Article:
The €7.7bn Jordan Red Sea Project accepts first bids

hdhdMADRID | As reported on Wednesday in the newspaper Negocio, the Spanish company Abengoa will make a bid in Jordan to carry out the construction works that will join the Red Sea to the Dead Sea, valued at €7.7 billion. Acciona, which had also considered participating in the project, decided to step back at the last minute due to the lack of specificity. BBVA may be one of the candidate entities to finance the construction of this major infrastructure.

“The Jordan Red Sea Project (JRSP) designed by the government of Jordan, specifically by the Ministry of Water and Irrigation, and known in the industry as ‘two seas’, consists of broadly speaking the transportation, distribution and maintenance of water services from the Red Sea to the Dead Sea, as well as supplying water to many towns including the capital, Amman.

“Works have been valued at a whopping €10 billion (€7.682 billion) and will require two desalination plants, three hydroelectric plants, thirteen pumping stations and two pipelines, each over 300 km long. The budget for the first phase of the project alone ranges between €3.5bn €3.85bn.

Until recently, six groups had expressed interest in participating: Acciona Agua/Mitsubishi; ACWA Power/ACWAHolding/ Samsung Engineering; Consolidated Contractors Group/SAudi Oger/Suez Environnement; Orascom Construction/Orascom Hotel/Veolia; Samsung C&T/Korea Water/Kolon Engineering & Construction/Befesa/AECOM and Sinohydro.

According to what the Spanish newspaper was told, Acciona withdrew from the project due to the doubts that such a ‘science fiction’ project generated. Industry sources, familiar with the work bidding process justified Acciona’s loss of interest in the Jordanian mega-project because it is

“very attractive a priori, but undoable in practice. This is a project whose demand is not assured because it is also subject to a hotel development of which no one knows the real impact nor its needs,” said consulted sources that were not surprised by the step back that the company, chaired by José María Entrecanales , took.

On their part, sources connected with JRSP assured to this newspaper that this is not a project that would interest Acciona.

“This is a very open project and it would not make much sense for them to participate.”

The newspaper pointed out Abengoa as a possible finalist, specifically its subsidiary Befesa. This decision will be announced next Monday. Subsequently the client, in this case the Ministry of Water and Irrigation, would evaluate the projects, taking into account the most creative and innovative. Two companies would then pass to the next phase which would involve a negotiation period that would last approximately two months.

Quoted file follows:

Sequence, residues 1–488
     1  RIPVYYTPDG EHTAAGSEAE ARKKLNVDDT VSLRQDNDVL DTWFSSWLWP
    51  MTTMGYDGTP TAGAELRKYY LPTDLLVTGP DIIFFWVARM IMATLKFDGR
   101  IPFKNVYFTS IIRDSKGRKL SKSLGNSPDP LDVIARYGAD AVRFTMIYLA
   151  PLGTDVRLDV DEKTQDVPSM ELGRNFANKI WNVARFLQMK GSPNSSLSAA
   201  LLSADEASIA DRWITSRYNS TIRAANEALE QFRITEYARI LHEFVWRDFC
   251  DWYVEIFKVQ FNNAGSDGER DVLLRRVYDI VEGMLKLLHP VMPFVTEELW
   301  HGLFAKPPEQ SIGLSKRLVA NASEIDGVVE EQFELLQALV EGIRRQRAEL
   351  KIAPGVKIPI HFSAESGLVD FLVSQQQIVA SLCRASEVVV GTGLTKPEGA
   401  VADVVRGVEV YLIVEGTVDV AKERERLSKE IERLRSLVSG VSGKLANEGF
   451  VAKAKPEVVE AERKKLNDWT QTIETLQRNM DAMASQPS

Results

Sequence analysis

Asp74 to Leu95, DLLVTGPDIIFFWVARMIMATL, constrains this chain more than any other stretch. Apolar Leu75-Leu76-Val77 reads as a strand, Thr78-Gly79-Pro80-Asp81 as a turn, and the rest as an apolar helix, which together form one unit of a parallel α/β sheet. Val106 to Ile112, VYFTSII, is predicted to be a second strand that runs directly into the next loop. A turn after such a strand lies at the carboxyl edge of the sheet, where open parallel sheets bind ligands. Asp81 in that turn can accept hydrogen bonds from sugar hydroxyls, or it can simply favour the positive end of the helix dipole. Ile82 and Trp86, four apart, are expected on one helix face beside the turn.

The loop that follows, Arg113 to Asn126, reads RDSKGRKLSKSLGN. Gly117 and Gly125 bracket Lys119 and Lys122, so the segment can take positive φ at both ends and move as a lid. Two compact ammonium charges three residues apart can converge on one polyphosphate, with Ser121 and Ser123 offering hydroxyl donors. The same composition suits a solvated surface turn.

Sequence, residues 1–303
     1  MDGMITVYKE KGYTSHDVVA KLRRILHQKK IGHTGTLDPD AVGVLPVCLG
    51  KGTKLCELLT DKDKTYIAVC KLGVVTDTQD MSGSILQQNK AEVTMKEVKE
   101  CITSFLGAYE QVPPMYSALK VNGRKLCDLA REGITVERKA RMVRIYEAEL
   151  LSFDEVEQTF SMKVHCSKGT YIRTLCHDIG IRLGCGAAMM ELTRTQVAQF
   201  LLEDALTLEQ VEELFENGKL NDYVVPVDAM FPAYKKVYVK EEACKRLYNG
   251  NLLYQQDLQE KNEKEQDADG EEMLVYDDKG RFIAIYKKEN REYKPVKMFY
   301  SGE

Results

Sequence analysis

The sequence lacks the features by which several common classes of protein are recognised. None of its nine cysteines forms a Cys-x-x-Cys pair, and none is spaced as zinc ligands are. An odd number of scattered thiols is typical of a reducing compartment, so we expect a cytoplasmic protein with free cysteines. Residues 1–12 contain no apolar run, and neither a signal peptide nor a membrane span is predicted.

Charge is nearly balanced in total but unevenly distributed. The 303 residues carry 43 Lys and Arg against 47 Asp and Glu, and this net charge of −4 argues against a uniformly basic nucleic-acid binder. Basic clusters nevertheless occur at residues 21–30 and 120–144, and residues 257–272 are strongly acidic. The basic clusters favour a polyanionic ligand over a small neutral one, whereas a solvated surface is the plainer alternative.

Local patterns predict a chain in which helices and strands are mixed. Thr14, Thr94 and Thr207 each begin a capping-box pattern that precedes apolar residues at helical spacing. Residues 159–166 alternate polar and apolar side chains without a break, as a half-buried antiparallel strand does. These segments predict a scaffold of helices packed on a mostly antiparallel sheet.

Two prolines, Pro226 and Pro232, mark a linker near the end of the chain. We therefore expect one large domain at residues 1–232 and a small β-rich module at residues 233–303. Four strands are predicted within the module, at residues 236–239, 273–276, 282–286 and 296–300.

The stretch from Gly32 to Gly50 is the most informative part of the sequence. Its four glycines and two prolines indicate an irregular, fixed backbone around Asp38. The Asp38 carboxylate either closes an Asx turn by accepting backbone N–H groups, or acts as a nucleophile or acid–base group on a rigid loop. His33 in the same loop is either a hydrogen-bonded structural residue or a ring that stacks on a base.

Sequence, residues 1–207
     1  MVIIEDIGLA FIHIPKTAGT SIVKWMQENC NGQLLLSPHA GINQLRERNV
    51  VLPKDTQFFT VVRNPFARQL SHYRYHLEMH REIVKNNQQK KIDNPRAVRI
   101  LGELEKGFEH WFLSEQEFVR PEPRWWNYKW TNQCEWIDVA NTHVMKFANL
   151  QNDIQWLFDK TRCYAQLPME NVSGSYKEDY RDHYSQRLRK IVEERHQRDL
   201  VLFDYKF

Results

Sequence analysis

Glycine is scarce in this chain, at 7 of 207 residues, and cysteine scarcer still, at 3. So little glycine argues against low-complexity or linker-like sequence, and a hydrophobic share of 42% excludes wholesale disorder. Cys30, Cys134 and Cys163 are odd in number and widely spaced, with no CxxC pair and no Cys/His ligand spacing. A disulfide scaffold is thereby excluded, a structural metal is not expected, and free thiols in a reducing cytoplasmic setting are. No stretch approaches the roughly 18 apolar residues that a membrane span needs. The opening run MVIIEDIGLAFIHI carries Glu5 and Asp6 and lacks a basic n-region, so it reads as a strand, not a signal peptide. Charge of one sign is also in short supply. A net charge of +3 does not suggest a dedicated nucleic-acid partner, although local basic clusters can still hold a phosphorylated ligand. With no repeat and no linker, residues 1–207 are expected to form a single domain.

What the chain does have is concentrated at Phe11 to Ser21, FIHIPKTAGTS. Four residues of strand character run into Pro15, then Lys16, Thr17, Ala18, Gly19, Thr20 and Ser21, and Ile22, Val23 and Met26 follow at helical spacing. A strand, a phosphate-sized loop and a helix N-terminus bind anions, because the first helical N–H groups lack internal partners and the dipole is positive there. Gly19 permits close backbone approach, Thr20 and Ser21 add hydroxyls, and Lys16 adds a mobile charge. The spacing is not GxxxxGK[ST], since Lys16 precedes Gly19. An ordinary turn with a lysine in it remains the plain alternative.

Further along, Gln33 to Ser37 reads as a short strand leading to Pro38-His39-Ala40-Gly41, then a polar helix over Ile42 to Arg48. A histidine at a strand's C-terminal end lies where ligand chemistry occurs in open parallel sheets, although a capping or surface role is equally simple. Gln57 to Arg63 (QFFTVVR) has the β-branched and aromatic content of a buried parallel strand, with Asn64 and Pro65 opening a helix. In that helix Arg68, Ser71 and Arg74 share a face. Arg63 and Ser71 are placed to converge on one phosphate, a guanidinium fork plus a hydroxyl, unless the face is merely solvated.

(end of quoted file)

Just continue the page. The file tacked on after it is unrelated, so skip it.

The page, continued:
The water diversion project designed by the government of Jordan aims to extract from the Red Sea 2,150 cubic meter of salt water per year of which 930 would be desalinated and used for consumption while the remaining 1,220 would be channeled to the Dead Sea. The objective of this project is to prevent the gradual disappearance of the Dead Sea taking into account the current rate of exploitation, as well as providing a reliable supply of water to the region and promote economic growth.

To achieve these objectives, the government of Jordan intends to promote the project and obtain support from the governments in the region, investors and partners. There are 20 international organisations who are potential candidates to fund the project, including BBVA, the only Spanish bank. The list includes institutions such as HSBC, BNP Paribas, UBS and Deutsche Bank, Credit Suisse, Barclays Capital and Societe Generale, among others.

About the Author

The Corner
The Corner has a team of on-the-ground reporters in capital cities ranging from New York to Beijing. Their stories are edited by the teams at the Spanish magazine Consejeros (for members of companies’ boards of directors) and at the stock market news site Consenso Del Mercado (market consensus). They have worked in economics and communication for over 25 years.

Be the first to comment on "The €7.7bn Jordan Red Sea Project accepts first bids"

Leave a comment